By Douglas Fehlen
A Confounding Work
Researchers at the University of Arizona announced in February that they have determined the age of the Voynich Manuscript, a literary relic from the Middle Ages. Using carbon dating, scholars found that the manuscript dates back to between 1404 and 1438. While the age of the book has been established, much else about the tome remains a mystery.
Most fascinating about the Voynich Manuscript is the fact that no one is able to read it: The book is written in an unknown language, one that has been analyzed by various scholars intent on cracking the manuscript's mystery. No efforts, however, have proven successful, and the book remains an enigma for all of the academic community.
Adding to the intrigue: The Voynich Manuscript is filled with idiosyncratic illustrations that are often as puzzling as the book's indecipherable text. One section features drawings of what appear to be various plants, though the pictures don't resemble vegetation found on Earth. In addition to otherworldly flora, the book contains cosmological diagrams, anatomy charts and other archaic drawings.
A Popular Object of Study
Since being discovered near Rome in 1912 by antique dealer Wilfred Voynich, the world's most mysterious manuscript has been the subject of intensive study. Voynich himself analyzed the tome for 18 years before his death. The book then changed hands several times before it was donated to Yale University in 1969. Since then, academics studying the Voynich Manuscript have drawn various, often conflicting, conclusions about it.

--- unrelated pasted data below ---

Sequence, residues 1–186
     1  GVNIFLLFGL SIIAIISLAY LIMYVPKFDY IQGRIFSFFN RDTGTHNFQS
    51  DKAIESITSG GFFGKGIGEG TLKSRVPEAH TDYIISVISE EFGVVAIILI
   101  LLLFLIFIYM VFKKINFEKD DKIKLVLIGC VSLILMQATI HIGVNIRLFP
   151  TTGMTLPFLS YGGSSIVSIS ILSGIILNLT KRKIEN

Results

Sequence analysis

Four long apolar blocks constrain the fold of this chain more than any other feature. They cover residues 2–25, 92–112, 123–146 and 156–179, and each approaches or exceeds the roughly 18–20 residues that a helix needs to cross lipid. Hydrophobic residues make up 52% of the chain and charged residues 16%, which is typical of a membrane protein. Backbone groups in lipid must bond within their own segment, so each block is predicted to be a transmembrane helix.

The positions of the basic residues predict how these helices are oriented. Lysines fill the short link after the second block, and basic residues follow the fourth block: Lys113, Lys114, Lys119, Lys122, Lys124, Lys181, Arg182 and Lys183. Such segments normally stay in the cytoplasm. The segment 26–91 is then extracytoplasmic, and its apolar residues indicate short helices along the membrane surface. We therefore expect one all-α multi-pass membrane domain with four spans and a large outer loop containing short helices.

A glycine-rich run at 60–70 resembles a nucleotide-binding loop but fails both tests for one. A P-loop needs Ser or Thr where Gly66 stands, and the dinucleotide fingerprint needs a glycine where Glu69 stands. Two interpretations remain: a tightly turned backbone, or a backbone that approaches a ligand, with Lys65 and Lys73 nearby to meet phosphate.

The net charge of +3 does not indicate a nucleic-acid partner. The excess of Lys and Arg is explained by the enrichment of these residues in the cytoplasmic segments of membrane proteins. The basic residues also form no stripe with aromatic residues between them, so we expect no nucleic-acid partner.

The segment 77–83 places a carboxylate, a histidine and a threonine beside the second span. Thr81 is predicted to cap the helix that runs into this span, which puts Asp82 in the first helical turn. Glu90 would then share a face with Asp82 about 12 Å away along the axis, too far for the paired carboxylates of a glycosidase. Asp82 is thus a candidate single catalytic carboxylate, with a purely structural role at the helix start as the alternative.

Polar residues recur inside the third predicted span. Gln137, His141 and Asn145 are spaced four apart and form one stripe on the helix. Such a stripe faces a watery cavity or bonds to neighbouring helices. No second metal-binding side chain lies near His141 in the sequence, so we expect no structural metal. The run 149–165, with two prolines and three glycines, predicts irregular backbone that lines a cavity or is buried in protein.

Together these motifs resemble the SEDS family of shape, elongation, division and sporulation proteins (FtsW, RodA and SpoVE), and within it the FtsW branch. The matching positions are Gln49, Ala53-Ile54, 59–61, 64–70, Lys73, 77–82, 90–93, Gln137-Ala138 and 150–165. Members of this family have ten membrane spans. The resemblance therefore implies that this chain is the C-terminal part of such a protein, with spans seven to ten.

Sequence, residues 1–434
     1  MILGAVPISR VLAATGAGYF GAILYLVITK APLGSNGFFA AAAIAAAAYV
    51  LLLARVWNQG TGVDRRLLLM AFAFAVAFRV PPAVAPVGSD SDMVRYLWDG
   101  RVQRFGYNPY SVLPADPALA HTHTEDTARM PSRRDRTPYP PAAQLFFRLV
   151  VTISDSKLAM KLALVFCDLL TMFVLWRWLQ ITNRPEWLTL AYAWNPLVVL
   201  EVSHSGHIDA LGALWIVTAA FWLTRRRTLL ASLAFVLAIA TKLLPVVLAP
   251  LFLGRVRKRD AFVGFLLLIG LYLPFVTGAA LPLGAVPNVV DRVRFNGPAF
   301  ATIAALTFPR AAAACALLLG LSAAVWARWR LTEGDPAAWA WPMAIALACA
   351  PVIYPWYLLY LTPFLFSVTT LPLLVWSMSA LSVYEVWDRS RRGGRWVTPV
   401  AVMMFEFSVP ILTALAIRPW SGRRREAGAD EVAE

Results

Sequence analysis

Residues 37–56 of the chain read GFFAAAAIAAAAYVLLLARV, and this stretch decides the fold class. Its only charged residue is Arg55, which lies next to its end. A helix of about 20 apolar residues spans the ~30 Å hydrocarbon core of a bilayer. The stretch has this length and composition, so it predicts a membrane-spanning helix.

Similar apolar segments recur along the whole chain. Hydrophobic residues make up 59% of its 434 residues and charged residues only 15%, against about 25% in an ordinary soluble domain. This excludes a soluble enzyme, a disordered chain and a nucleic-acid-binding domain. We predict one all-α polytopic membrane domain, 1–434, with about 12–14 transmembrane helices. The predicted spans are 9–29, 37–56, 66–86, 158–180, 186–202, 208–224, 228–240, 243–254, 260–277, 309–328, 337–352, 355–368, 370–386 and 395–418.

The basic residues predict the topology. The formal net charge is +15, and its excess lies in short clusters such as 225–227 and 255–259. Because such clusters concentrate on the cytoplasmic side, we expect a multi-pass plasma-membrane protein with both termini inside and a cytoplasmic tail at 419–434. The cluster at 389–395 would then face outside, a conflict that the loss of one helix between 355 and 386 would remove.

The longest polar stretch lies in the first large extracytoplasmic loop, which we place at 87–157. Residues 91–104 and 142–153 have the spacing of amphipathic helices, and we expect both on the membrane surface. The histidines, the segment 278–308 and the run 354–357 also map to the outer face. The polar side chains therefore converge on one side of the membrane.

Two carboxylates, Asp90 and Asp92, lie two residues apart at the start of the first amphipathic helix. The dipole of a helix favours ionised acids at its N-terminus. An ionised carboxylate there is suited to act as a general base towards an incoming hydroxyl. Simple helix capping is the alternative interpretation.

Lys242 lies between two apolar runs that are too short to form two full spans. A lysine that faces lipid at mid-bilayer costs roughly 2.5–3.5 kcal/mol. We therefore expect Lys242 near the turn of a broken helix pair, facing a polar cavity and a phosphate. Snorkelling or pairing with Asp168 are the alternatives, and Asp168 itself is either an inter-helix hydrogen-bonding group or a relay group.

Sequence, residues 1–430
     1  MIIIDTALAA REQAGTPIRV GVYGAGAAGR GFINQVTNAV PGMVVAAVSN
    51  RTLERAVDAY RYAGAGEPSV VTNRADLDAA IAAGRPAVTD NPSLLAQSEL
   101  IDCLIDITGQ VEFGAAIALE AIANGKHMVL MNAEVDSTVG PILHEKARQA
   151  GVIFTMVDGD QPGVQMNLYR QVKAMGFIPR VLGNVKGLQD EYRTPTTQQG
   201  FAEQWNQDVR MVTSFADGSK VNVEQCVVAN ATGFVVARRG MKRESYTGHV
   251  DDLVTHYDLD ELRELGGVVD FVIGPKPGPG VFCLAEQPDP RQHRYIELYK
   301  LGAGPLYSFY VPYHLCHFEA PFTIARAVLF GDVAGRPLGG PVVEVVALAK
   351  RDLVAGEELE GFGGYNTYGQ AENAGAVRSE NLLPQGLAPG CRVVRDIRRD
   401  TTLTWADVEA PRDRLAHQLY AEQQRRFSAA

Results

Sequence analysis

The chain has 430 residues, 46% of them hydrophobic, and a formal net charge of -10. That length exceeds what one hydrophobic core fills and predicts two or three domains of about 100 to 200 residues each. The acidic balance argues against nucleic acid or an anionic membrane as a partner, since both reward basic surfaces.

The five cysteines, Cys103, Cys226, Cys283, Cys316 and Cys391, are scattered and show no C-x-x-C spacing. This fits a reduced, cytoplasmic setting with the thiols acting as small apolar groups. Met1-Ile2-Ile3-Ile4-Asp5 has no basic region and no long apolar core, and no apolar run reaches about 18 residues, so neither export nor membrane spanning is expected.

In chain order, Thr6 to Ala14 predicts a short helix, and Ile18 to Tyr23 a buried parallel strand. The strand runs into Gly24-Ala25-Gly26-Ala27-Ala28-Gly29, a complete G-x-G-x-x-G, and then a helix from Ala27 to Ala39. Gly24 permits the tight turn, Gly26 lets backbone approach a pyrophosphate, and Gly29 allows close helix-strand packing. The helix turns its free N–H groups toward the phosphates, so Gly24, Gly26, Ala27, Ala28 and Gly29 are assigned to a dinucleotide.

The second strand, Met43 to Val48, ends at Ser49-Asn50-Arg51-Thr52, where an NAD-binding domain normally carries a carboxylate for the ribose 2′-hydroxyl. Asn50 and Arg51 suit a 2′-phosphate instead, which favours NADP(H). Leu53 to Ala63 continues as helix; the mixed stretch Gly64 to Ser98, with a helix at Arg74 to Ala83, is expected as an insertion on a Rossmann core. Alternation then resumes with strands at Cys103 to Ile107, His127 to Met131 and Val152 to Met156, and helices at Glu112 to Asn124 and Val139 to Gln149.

Some who've studied the book have suggested its strange language is cipher. These analysts believe that the manuscript's text is in essence a code that could be interpreted to reveal messages in an existing language. Others have suggested that most of the book is nonsensical, but that certain aspects of the text may convey real information. Additional scholars have alternately suggested that the book is written in made-up, hybrid and constructed languages.
While establishing the age of the Voynich Manuscript has not brought its meaning any more clearly into focus, the carbon dating research could ultimately help to resolve the book's mystery. Confirming the origin of the book to the early 15th century does, for example, help researchers narrow down the manuscript's authorship by eliminating from consideration some notable historical figures long considered potential authors of the tome.
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